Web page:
The next step is to list the corrective actions the merchant will take to in order to reduce fraud and disputes. Visa does not give a list, but simply a fill-in-the-blank response. This is where merchants need to show their true game plan to reduce disputes.

Visa gives the following as general recommendations for dispute monitoring:

  • Track disputes and dispute responses by conditions. Each condition is associated with unique business issues and requires specific remedy and reduction strategies;
  • Track dispute activity as a proportion of sales activity;
  • Include initial dispute amounts and net disputes after dispute response;
  • Track card-present and card-absent disputes separately.

If a business combines traditional retail with card-absent transactions, track the card-present and card-absent disputes separately.

Similarly, if a business combines mail or telephone order and internet sales, these disputes should also be monitored separately.

How VFMP works

Visa monitors merchant outlets that generate excessive levels of fraud through VFMP. Visa will then identify a merchant outlet under the VFMP standard programne if it meets or exceeds certain program thresholds.

When a merchant meets any of Visa’s predetermined criteria, the acquirer is notified and given 10 days to notify the merchant. From there, a merchant and their acquiring bank will have approximately one month to research the source of the fraud and submit a fraud-remediation plan to Visa.

Visa may require acquirer or its merchant to deploy appropriate fraud-remediation tools or technologies to address unusual activity in the individual cases identified through the VFMP. The merchant outlet will exit the VFMP if it is below the programme thresholds for three consecutive months.

VFMP is not something in which merchants can be enrolled indefinitely, and there is a strict limit to how much time merchants are allotted.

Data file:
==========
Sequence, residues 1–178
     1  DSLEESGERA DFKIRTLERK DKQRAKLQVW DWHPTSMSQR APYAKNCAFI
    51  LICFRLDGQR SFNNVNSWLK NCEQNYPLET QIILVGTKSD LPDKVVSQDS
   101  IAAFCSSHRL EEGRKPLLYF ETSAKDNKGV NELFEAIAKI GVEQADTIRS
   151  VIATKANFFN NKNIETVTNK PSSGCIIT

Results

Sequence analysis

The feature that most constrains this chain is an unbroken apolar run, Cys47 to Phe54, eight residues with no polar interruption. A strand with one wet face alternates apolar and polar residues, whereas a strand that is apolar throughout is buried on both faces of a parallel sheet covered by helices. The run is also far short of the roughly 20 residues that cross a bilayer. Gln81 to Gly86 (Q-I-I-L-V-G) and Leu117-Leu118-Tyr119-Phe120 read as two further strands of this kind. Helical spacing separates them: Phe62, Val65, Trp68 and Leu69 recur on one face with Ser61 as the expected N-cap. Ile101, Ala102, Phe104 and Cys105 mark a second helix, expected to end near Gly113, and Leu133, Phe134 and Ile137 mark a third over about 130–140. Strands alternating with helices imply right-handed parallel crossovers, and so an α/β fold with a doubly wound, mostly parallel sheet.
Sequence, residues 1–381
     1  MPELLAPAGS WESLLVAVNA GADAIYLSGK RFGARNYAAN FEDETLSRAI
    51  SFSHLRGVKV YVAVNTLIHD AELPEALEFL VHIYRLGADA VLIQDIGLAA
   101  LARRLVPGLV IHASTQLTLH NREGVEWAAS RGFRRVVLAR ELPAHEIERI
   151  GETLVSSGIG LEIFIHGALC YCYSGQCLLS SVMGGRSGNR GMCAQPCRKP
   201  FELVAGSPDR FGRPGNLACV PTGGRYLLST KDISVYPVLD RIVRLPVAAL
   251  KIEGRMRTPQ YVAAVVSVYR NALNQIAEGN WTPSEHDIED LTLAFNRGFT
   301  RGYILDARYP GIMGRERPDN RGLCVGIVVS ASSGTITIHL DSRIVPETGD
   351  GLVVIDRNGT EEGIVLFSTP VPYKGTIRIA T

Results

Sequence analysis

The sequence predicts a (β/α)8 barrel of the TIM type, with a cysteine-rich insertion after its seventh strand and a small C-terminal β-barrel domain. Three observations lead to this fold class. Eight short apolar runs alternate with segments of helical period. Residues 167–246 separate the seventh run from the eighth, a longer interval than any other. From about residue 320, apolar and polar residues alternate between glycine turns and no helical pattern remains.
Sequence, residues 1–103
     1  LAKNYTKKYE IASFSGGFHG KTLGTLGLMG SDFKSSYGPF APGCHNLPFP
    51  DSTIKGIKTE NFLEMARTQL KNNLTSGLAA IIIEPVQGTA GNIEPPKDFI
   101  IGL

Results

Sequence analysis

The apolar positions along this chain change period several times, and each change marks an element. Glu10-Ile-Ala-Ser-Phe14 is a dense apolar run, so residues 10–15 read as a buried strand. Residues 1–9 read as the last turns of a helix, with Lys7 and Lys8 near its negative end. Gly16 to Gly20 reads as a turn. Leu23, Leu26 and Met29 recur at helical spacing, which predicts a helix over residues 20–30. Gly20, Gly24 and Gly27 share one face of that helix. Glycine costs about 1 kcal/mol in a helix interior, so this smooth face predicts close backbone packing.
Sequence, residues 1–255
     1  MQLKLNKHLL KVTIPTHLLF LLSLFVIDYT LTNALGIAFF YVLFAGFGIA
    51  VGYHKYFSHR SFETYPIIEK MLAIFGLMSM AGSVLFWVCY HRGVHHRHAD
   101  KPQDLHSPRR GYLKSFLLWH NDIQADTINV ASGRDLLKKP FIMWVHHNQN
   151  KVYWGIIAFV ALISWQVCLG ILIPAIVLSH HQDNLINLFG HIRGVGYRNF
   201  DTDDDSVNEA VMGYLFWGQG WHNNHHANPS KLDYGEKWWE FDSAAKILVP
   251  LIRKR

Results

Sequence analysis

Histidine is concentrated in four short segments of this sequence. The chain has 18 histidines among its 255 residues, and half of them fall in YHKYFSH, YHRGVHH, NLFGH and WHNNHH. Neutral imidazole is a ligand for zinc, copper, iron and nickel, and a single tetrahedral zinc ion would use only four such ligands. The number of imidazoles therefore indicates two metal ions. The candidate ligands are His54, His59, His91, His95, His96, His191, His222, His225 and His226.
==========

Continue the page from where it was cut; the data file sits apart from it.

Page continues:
In the end, credit card dispute fraud is a combination of several different problems that share a single name. It can come from otherwise good customers with bad habits that can be broken, customers who are genuinely confused and need better communication from the merchant at some point in the process, and actual malicious fraudsters.

Free Report
img

Prepare for changes in the Payments market

 The Payments market has seen drastic changes in the past few years, with this only expected to continue. What does your company need to do to prepare for what’s to come? GlobalData’s Payment Trends for 2022 report explores the key trends in technology, consumer habits, and regulations shaping the market. We also identify the leading companies in this changing market, giving you a competitive market outlook. This report covers the impact of:
  • ESG
  • E-commerce
  • Mobile payments
  • Alternative payment rails (Real-Time Payments, Blockchain, BNPL)
  • Fraud & Cybersecurity
  • Regulations
Download the report now to learn essential strategies to maximize your growth in the face of rapid change.
by GlobalData
Enter your details here to receive your free Report.

NEWSLETTER Sign up Tick the boxes of the newsletters you would like to receive. A weekly roundup of the latest news and analysis, sent every Wednesday.
I consent to GlobalData UK Limited collecting my details provided via this form in accordance with the Privacy Policy
SUBSCRIBED

THANK YOU

Thank you for subscribing to Electronic Payments International